Criminal justice changes implemented in pandemic keeping jail numbers lower and raising question about need for Early Release Program County Commission has agreed to fund

Both public defender and state attorney of 12th Judicial District agree that discussions should take place about potential to save about $300,000 a year

Public Defender Larry Eger of the 12th Judicial Circuit addresses the County Commission on July 1. News Leader image

Over the past couple years, especially, Sarasota County Sheriff Tom Knight and his staff watched and worried — as Knight has made clear — as the jail population continued to rise.

In discussions with the County Commission and representatives of 12th Judicial Circuit Court Administration and the State Attorney’s Office and Public Defender’s Office of the 12th Judicial Circuit, Knight has advocated for more initiatives to divert from the jail individuals whom Knight and his staff feel do not need to be incarcerated.

As recently as February, Knight expressed his reluctance to see the commission have to pay for a new detention center, which Knight estimated could cost around $125 million.

The jail has 984 beds, he said again during the board’s regular meeting on Feb. 25, though the capacity can be expanded to 1,026 with the addition of temporary beds. Yet, Knight pointed out, “We’ve been over the rated capacity the entire time I’ve been sheriff.” Counties comparable in size to Sarasota County have more space in their jails, he noted, showing the board a graphic prepared by Marissa Cellini, the department’s special projects administrator.

During that same meeting, the commission approved a couple of measures designed to keep the jail capacity at a lower level. One of them, called an Early Case Resolution Program, would target people charged with low-level felonies who have been confined in the jail. An assistant state attorney and a public defender assigned to the program would meet routinely to review new cases in an effort to pinpoint those that could be resolved more quickly, county staff explained.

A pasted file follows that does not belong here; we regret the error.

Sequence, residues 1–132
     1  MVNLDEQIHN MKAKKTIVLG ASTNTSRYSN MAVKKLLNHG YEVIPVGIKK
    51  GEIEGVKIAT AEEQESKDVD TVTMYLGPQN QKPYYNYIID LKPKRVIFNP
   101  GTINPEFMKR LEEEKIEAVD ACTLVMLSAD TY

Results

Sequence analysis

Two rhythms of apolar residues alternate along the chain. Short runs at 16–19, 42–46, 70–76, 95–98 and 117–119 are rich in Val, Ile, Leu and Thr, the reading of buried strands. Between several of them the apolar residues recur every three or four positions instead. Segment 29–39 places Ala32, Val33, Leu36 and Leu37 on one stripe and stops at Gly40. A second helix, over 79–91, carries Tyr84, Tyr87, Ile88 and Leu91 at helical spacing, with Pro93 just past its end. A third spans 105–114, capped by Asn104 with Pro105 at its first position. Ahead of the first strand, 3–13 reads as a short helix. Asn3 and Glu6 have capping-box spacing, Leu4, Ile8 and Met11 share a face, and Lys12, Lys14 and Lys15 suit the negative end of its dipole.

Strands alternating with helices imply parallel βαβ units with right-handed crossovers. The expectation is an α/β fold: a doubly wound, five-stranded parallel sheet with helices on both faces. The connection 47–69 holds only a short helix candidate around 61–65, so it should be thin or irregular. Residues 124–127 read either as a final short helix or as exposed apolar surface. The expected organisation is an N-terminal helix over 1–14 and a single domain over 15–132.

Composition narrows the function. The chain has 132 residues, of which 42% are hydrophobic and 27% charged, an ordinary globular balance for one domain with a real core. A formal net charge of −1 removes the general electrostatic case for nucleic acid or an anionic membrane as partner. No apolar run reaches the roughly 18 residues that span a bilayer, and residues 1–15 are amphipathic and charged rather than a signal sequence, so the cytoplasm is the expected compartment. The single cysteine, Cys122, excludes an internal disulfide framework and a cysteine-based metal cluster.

The members of the county’s Criminal Justice Commission reported that they anticipated 600 participants would be served in the first year, with cases being closed in 30 or fewer days, on average.

The commission authorized that program to begin with the Oct. 1 start of the 2020 fiscal year, with an annual expense projected at $297,684. The funding would be split evenly between the Public Defender’s Office and the State Attorney’s Office.

However, that program may not be necessary after all, potentially saving the county close to $300,000 in a fiscal year when state revenue sharing is expected to be significantly reduced as a result of the COVID-19 pandemic.

This graphic offers details about the expected expenses of the Early Case Resolution Program. Image courtesy Sarasota County

In fact, as Larry Eger, the public defender for the 12th Judicial Circuit pointed out during his July 1 budget presentation to the commission, changes that have taken place because of the pandemic have illustrated the potential for halting the program before it begins.

“I was elected 12 years ago,” Eger said. The constant theme with which he and others in the criminal justice system have had to contend, he continued, has been “the overcrowded jail.”

Yet, he added, because of the pandemic, “I feel like, in the past four months, all of my suggestions have been implemented [to reduce the jail population].”

“For the first time,” he said, the number of inmates has been hovering around 800 per day, a decrease of approximately 20%.

In response to a Sarasota News Leader request this week, Doug Johnson, creative communications specialist for the Sheriff’s Office, provided the jail population for each day from July 29 through Aug. 11. The lowest number in the list was 819 on July 29; the highest, 835, on Aug. 1 and Aug. 2.

On Aug. 11, the total was 823.

This is the jail population for each day from July 29 through Aug. 11. Image courtesy Sarasota County Sheriff’s Office

A transformation in law enforcement responses

Eager told the commissioners he had been attending first appearances for arrestees on a routine basis, watching exchanges between attorneys for the state and those for the defendants.

Prior to the start of the public health crisis, he said, it was typical for 26 to 36 people to have their first appearances on a given day. Since the pandemic began, he added, that number has fallen to as low as six per day.